When we read out these two words, Loose and Lose, their phonics feel similar. But when we talk about the meaning of these words, they are entirely different from each other. This article will give some insight into words, loose vs. lose, and compare their meanings with suitable examples. The word ‘loose’ is an adjective and is used in places where things or objects are not bound closely.
For example, a loose t-shirt, a loose tooth, loose shoes. You can use this word as a verb also. If you use it as a verb, its meaning will be set free or release. Example, ‘She left her dog loose in the house’. The word ‘loose’ is also used as a noun. Example, ‘The prisoner escaped and is still on the loose’. Another example, ‘the boat comes loose from its anchors’. The word ‘loose’ is also used as an adverb.
We can use the word ‘lose’ mainly as a verb. When we are unable to find something we use the word lose. Example, I lose my keys. Another meaning of word lose is when we are unable to believe in someone. Example, ‘I lose my faith in him and I do not trust him anymore.’ We will see some more examples of words loose vs. lose in the rest of the article.
Difference Between Loose and Lose
We can use the word loose as a noun, adjective, adverb and verb. This shows that according to the situation, the meaning of the word is being changed. Whereas we can use the word lose in verb form only. We use the word Loose majorly as an adjective. Here we will elaborate more on the meaning of the word loose with suitable examples. When the object is not fastened properly then in such condition we use the word loose. For example, ‘the belt is loose, tight it’. When we describe the skin of old people we can use the word loose.
For example, ‘My granny’s skin is getting loose day by day’. If we are not able to contain or physically held back, we use ‘loose’ as an adjective. For example, ‘My pet was wandering loose in the streets and caught up with an accident’. The word loose do not have much use as a noun but being used as adverb and verb, apart from its use as an adjective.
On the other hand, we can use lose when we are deprived of something. For example, ‘If the factory closes permanently then all the workers will lose their jobs’. Lose word can be used when we want something to reduce or it is reduced unexpectedly. In the first situation, where we want to reduce something intentionally, for example, ‘I want to lose my weight’ and in other situation, we use it as ‘In an accident, he did not lose his leg’.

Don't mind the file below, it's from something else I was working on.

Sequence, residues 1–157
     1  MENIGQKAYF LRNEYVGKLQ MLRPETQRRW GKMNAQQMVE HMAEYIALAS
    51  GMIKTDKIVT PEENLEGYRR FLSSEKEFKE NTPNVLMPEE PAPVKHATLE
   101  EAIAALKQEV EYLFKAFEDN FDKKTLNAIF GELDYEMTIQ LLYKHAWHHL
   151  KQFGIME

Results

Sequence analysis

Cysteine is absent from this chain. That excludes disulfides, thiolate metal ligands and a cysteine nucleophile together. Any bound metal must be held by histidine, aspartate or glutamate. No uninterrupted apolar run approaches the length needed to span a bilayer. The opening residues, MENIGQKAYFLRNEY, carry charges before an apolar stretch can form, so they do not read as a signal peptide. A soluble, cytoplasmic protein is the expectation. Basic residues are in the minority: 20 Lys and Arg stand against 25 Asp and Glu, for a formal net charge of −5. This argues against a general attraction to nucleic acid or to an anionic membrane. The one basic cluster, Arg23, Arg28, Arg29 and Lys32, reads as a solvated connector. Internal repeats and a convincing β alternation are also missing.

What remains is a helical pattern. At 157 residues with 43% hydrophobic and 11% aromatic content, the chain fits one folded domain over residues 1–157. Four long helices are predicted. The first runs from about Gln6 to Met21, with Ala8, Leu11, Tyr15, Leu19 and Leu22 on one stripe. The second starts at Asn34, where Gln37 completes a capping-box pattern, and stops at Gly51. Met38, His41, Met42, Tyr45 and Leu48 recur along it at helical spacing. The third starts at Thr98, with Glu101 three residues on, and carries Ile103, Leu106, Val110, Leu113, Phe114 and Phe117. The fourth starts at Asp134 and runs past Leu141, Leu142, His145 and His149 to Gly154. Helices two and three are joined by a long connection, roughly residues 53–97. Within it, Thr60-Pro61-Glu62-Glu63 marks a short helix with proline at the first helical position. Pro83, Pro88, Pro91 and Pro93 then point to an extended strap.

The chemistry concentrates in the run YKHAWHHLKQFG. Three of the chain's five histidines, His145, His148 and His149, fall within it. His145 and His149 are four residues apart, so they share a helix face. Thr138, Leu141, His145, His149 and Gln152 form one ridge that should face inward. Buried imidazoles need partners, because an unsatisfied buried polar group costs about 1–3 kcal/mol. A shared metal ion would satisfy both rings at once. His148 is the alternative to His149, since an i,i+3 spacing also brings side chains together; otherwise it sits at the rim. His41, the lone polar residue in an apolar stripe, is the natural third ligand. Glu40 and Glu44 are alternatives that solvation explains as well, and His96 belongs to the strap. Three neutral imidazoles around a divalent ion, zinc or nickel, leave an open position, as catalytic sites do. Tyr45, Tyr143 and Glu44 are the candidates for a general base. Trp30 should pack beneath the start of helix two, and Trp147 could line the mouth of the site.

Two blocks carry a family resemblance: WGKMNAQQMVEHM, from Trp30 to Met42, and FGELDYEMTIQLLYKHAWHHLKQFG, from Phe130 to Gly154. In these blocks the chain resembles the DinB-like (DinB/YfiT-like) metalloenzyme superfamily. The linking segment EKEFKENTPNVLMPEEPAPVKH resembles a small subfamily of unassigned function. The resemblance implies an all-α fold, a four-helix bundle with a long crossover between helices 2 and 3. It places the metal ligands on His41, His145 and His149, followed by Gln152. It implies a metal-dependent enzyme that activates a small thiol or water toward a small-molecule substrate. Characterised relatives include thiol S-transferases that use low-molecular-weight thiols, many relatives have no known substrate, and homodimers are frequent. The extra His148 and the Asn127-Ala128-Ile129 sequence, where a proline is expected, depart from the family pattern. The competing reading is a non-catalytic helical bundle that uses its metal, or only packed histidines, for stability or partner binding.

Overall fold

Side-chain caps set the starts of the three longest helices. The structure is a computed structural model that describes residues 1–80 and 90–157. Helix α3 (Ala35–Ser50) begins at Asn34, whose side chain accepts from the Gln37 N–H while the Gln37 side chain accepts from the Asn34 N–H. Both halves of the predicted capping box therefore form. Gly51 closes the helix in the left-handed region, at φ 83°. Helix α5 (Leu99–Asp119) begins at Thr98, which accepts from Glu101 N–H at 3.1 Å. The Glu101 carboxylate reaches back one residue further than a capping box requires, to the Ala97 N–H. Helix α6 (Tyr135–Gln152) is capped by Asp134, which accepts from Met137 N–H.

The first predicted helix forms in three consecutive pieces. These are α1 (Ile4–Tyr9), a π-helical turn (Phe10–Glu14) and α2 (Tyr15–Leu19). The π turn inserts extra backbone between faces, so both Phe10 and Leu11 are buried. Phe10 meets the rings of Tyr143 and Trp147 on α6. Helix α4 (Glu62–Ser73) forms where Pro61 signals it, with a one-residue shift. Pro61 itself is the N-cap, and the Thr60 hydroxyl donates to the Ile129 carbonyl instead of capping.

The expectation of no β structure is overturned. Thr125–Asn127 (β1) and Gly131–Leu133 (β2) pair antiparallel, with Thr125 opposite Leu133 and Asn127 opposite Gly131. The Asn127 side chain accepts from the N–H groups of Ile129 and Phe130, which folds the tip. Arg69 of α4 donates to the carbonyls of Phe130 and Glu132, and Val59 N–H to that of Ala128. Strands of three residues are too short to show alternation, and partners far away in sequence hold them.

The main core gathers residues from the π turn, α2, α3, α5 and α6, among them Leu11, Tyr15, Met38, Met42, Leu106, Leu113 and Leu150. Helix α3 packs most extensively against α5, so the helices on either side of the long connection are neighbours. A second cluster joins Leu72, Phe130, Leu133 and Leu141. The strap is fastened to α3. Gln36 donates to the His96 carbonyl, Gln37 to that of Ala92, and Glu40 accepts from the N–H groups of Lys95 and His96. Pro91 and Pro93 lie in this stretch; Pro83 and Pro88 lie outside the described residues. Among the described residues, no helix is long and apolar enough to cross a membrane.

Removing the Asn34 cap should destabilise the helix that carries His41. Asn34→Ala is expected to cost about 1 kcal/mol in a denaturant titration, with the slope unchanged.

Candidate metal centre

For example, ‘I would lose my cap because I was not paying attention.’ Or ‘To lose one’s temper is to admit defeat in the game’. Also, when we do not have something or someone permanently, we use this word. For example, ‘She would lose her headphones in the bus’ or ‘He may lose his job next month, that’s why he has started searching a new job.’
How to Use Loose?
As an Adjective:
- Incorrect: He likes lose clothing.
Correct: He likes loose clothing.
- Incorrect: She likes to walk on lose sandy soil.
Correct: She likes to walk on loose sandy soil
- Incorrect: Collect these lose sheets of papers.
Correct: Collect these loose sheets of papers.
As a Noun:
- Incorrect: She is pretending like a lose woman, but she is an undercover officer.
Correct: She is pretending like a loose woman, but she is an undercover officer.
- Incorrect: A culprit of murder is on the
Correct: A culprit of murder is on the loose.
As an Adverb:
- Incorrect: These clothes fit a bit lose to you.
Correct: These clothes fit a bit loose to you.
As a Verb:
- Incorrect: She asked her mother to let lose the knot.
Correct: She asked her mother to let loose the knot.
- Incorrect: She asked her servant to let lose the dog.
Correct: She asked her servant to let loose the dog.
How to Use Lose?
As a Verb:
- Incorrect: I loose my appetite due to this disease.
Correct: I will lose my appetite due to this disease.
- Incorrect: I loose my car keys in a duct.
Correct: I lost my car keys in a duct.
Examples of LOOSE – Using LOOSE in a Sentence
- Don’t talk loose (adjective), you are told to collect all the loose (noun) items until I return from the market.
- These loose (adjective) shoes can’t be worn.
- Loose (adjective) clothes fit loosely (adverb) to a skinny person.
Examples of LOSE – Using LOSE in a Sentence
- Do not lose time, it will never come back.
- I lose my home keys in the garden while jogging.
Hope now you find it easy to tell the difference between loose vs. lose.